The Cat-Flap Coalition

Cat-flap coalition

Forged in the white heat of opportunism, the cat-flap coalition has ended the year with more resilience than we ever expected. Back in the summer, we talked about how long it would last. We underestimated the lure. We thought that Cameron had put out a saucer of milk, but it turned out to be goose liver pâté. And we seem to have lost our cat.
Hollywood screenwriters say that the first act ends when the protagonist passes the point-of-no-return. In this film, that happened when Dave held back the pâté as the reward for Nick committing to £9,000 tuition fees. Nick licked his lips and agreed. Now he is stuck in this movie, and, for him, there is no return.
Well before the election, Cameron told us that he planned to screw the students. But we did not listen. Each time that he accused the Labour party of creating a generation of debt, it seemed like just a rhetorical attack on Labour. Now we know that he meant that the young would pay for the deficit. It was not rhetoric. It was policy.
When we see the Tories bat away the students’ anger, towards the sandal wearers, we do not just see the stupidity of Clegg, but also the trickiness of Cameron. This is what we are up against. Tricky Dave is not to be underestimated.
It is often said that Cameron is hated by his own party. However, they cannot help but admire him. After all, there is nothing a Tory admires more than a bastard. And he has certainly proved his mettle as that. He represents the Darwinian philosophy that they wish to impose on us all: the rights of the individual over the community, the strong destroying the weak, the winner taking all.
The word “coalition” makes this bastardised amalgamation of right-wing ideology and cat-flap Liberals sound nice. Reasonable even. Well done Greg Beales, Ed Miliband’s chief wonk, who told the shadow cabinet to stop using the word. It makes them too cuddly, he reckons.
But his alternative is to call them the “Conservative-led government”. But this does not capture the true character of this bread-roll thrower and his sandal-wearing apprentice, this “cat-flap coalition”.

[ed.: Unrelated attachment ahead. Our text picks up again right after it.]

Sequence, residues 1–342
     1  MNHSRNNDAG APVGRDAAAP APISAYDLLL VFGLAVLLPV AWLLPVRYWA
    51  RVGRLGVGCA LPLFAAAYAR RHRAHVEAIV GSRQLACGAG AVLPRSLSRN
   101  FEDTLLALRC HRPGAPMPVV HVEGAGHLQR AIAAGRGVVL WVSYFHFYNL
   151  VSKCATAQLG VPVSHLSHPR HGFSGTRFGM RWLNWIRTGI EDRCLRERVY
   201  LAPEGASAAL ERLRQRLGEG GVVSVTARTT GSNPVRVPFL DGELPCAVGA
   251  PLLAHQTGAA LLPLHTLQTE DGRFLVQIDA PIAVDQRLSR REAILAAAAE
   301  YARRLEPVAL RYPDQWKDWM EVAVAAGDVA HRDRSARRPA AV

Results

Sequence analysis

It is surprising how hard a time the Tories get when they go on Question Time and blame the deficit on the previous government. Whether you like it or not, it was us who created the deficit. But when the Tories point this out, they get booed. Because people just do not like them. They are not sure why. But they do not.
With us it is different. They did not vote us out because they did not like us. They generally do like us. They voted us out because they saw that we were tired. In last year’s election, plenty of people said they would like Labour back after the Tories had sorted out the deficit. They wanted the Tories to come in, do the job, and then leave.
This is the problem of “nice-guy Dave”. Once people got to know him, they saw him for what he is. If he had presented himself as a good old fashioned “I just want to cut your taxes” Tory, then people would have had a grudging respect for him. As it is, he has always tried to be something that he is not: “nice-guy Dave”.
Let us bring down his paper thin, but deeply cherished, image. Let us call him “tricky Dave” every time we can. Let us help people to better understand what exactly it is that they do not like about him. Let us call him “tricky Dave”, again and again, until it sticks.
And let us call his alliance with “honest” Nick Clegg by its proper name too: the cat-flap coalition.
Dan McCurry blogs here

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